Why You Should Drive During a State of Emergency
The blizzard has come and gone and left us all with various amounts of snow to deal with. With many states in the Northeast, including New Jersey, calling for a state of emergency, many people felt that it still was ok to drive on the roads. According to the New Jersey State Police, there were more than 300 car accidents during the snowstorm this weekend. Where did all the cars come from? Aren’t you suppose to stay off the roads in a state of emergency?
Unless there’s a specific travel ban in place, you are able to drive in a state of emergency, but you really shouldn’t. Not only is it for your protection, but it also allows state employees such as emergency responders, police, and NJDOT, to quickly respond to the emergency at hand.
But you’re a good driver. You’ve never gotten into a car accident before. And you only have to drive a couple of miles to see if your elderly mother is doing ok in the storm. You hop in your car and start out. Soon things quickly go downhill and your car skids, crashing into a telephone pole. What will happen next?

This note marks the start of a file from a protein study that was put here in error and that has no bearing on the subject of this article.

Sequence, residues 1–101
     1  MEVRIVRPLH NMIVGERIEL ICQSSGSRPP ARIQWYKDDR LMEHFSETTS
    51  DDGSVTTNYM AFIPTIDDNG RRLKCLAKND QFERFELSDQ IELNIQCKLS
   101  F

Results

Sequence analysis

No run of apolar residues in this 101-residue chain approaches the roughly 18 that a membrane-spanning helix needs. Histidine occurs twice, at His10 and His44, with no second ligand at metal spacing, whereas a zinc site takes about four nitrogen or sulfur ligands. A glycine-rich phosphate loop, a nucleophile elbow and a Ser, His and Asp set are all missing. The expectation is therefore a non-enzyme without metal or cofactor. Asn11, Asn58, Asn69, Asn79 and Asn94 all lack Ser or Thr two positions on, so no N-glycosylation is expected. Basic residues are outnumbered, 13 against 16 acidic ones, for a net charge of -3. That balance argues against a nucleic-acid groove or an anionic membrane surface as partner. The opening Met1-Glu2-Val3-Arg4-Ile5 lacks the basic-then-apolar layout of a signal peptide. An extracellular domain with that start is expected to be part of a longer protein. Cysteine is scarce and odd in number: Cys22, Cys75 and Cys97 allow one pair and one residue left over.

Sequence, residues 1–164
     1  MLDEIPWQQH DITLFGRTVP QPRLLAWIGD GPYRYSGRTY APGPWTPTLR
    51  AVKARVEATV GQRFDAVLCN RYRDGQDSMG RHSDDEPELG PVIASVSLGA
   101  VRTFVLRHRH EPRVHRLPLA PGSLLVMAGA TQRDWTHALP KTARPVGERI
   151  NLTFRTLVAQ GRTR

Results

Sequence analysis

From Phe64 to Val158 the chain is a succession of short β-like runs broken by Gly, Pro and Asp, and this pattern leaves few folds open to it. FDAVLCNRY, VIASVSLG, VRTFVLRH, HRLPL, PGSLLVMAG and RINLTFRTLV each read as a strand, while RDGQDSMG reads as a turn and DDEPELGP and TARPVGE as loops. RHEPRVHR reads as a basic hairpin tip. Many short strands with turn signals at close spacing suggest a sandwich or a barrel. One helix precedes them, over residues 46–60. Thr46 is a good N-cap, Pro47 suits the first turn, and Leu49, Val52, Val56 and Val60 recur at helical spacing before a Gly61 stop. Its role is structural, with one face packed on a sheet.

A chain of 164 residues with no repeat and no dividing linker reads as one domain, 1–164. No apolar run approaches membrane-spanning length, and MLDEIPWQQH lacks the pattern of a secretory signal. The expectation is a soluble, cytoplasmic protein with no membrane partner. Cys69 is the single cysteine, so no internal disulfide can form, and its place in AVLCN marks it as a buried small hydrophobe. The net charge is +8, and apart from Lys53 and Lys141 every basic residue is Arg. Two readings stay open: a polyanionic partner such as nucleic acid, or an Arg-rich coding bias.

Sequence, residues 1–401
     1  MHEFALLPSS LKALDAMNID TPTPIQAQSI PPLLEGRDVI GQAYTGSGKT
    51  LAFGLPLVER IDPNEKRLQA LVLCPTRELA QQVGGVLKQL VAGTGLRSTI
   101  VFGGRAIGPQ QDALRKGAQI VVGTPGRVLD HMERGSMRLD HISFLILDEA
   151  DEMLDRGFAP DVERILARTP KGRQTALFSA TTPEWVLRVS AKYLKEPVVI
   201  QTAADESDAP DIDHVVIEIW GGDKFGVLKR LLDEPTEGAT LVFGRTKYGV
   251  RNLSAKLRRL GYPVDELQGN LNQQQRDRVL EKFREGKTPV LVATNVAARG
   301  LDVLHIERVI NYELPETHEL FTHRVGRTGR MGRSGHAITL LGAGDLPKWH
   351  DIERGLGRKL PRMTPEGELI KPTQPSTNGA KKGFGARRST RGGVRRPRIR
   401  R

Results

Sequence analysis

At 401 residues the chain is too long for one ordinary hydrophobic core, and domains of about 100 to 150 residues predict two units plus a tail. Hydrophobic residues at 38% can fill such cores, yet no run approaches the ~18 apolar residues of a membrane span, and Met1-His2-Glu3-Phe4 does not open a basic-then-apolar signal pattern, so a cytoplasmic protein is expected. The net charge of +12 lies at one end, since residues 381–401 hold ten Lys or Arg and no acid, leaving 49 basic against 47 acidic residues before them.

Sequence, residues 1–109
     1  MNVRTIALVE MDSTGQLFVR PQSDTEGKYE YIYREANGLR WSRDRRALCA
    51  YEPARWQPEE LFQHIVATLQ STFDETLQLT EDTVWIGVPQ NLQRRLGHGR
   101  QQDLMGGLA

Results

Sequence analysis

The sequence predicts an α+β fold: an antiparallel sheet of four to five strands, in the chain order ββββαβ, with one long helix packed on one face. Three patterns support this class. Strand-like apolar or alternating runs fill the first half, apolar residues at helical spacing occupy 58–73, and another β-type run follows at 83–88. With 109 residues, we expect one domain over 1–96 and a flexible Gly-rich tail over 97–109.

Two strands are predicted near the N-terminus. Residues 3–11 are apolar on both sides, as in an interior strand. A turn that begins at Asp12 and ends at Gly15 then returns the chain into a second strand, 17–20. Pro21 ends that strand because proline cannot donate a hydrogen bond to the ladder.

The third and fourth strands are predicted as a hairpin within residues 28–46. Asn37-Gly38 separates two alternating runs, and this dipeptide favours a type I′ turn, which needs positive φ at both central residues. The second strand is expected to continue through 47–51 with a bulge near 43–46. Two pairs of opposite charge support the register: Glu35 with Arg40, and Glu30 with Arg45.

According to the State Police, if your driving wasn’t safe for roadway conditions, this is considered a violation and you will receive a ticket for reckless driving. If you do something that interferes with officials during a state of emergency, such as driving along a closed off road, then you can expect a penalty of up to $1,000 fine and six months in jail. So it’s probably better to stay indoors with a nice cup of hot chocolate than brave the roads.
If you get into a car accident and the cause is bad weather conditions, we can help. Contact the Law Offices of Anthony Carbone today for a free consultation.